U.S. Department of Agriculture
Washington, D.C. 20250
SUBJECT:Agency Information Resources Management Review Board
December 13, 1983
OPI:Office of Information Resources Management; Review & Evaluation Division
This regulation prescribes the policies, responsibilities, and procedures for agencies to follow in establishing Information Resources Management Review Boards. The terms "agency" or "agencies" are used throughout this regulation to include both USDA agencies and staff offices.
This regulation supersedes 11-AR 4511 through 4520 and 11-AR 4514 Exhibit 175.
Agencies are responsible for managing their information resources to improve the delivery to services to the public, to assist program management at both Departmental and agency levels, to provide cost-effective technological and solutions to satisfy program requirements, and to promote sharing of these resources to the greatest extent possible. To assure that information management activities reflect the goals and priorities of agency programs, each agency will establish an Information Resource Management Review Board with a supporting Technical Review Committee. The Board will provide policy direction for IRM activities as well as review and approval of specific IRM actions.
a Information Resource Management. That aspect of general management that deals with the utilization of information and information resources and is concerned with the acquisition, processing, communication, and retention of information. It embraces and employs specific discipline such as automated data processing, data administration, telecommunications, office automation, and records and paperwork management; but it extends beyond all of these to include the flow, use, and responsibility for information throughout the organization.
b Automated Decision Making Applications. Computerized applications which directly or indirectly, without human intervention, result in the expenditure or transfer of funds.
Examples include financial applications that cause disbursement of funds, applications such as inventory control that detect low stock and cause new orders to be issued, and those that issue bills for collection.
c Major Information Resource Management Project. Project that exceeds development costs of $100,000 or requires six or more USDA staff years. A system may be determined major by the agency because it is critical to the operation of the agency rather than because of coast.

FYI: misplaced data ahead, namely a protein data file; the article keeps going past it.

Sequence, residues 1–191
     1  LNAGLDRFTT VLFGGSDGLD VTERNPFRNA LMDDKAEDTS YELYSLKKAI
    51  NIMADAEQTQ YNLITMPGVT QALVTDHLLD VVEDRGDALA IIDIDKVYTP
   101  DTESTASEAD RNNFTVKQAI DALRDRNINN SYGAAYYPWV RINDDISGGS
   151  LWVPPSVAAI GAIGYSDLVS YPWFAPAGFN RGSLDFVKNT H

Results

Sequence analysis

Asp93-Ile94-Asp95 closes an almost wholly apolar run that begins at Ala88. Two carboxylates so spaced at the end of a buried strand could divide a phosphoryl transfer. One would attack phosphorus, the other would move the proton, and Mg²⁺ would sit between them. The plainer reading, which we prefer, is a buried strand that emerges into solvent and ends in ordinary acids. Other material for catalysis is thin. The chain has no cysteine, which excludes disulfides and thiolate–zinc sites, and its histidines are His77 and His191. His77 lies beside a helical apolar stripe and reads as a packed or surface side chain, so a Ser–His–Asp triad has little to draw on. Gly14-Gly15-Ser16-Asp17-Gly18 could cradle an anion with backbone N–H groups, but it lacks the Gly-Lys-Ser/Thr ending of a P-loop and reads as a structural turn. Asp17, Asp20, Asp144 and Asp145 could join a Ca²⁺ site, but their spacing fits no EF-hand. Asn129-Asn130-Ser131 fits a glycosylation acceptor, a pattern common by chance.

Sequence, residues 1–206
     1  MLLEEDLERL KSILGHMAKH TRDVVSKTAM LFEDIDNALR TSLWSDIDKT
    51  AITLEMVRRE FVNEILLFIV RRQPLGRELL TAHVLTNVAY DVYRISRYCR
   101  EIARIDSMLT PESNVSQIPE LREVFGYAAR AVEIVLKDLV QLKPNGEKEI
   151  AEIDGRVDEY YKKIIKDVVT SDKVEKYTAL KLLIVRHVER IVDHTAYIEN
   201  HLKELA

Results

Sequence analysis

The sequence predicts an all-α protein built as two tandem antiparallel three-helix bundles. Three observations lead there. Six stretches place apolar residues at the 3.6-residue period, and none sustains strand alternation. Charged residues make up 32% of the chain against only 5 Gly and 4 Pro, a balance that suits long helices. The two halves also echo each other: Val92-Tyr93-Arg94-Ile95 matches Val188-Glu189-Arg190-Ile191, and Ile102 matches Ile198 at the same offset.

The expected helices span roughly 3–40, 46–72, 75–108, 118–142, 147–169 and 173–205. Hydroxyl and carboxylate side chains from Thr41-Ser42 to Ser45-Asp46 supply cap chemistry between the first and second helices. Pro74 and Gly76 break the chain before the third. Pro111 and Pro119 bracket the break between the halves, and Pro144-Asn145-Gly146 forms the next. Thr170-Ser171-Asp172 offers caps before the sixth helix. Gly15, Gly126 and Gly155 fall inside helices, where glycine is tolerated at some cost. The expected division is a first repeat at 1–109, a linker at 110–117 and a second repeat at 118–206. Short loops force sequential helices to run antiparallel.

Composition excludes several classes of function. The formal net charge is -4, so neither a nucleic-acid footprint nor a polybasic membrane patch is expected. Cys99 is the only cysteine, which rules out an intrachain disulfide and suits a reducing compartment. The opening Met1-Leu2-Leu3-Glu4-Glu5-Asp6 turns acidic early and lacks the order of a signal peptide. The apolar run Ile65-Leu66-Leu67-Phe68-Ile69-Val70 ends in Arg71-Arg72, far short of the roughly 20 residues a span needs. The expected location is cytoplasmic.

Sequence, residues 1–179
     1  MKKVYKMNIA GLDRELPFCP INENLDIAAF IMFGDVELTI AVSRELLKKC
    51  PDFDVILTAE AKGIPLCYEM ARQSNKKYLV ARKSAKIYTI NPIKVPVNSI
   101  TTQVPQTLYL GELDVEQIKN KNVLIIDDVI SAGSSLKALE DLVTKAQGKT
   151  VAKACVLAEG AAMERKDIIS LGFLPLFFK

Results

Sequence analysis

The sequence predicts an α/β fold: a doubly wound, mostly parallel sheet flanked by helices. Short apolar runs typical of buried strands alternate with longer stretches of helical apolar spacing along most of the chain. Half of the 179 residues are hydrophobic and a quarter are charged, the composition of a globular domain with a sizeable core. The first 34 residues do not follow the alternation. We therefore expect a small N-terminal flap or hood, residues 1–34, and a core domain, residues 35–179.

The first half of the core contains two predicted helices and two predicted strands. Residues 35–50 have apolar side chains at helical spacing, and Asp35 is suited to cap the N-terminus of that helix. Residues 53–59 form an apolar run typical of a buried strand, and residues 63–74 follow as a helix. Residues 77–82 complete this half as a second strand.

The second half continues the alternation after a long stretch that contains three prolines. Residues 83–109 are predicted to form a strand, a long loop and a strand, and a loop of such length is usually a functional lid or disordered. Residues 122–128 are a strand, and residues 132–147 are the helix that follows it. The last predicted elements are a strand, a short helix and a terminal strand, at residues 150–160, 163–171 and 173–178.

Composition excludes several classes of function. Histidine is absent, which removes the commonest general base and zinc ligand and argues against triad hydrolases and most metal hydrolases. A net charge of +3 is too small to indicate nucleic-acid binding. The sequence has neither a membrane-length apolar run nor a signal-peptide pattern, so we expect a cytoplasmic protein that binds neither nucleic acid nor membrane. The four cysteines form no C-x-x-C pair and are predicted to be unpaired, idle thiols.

a The IRM Review Board will be comprised of high level program and administrative managers representing all major program areas within the agency. The Agency Senior IRM Official shall also be a member.
b A Technical Review Committee will be established to support the IRM Review Board. If possible, members should have a broad technical background in the area encompassed by IRM as well as the program area (s) affected.
c When the system to be reviewed is an Automated Decision Making Application, a member of the agency's audit control group or financial control unit who is acquainted with the project or a representative from the audit staff of the office of Inspector General should be included in the review or consulted by the Board.
An agency, because of its small size or special needs, may determine that an alternative approach would better meet its requirements for management of IRM activities. In this case, a request for a waiver may be issued. The request should be addressed to the Director, Office of Information Resources Management. The request should specify why an alternative method as desired and what the alternative would be.
a IRM Review Board will:
(1) Review and approve agency IRM budget and Long Range IRM Plan.
(2) Establish system development priority.
(3) Review and approve the IRM portion of the agency procurement plan.
(4) Assure that proper security requirements are met in accordance with OMB Circulars A-123 (Internal Control System) and A-71, TM #1 (Security of Federal Automated Information Systems) and other Federal and Departmental regulations.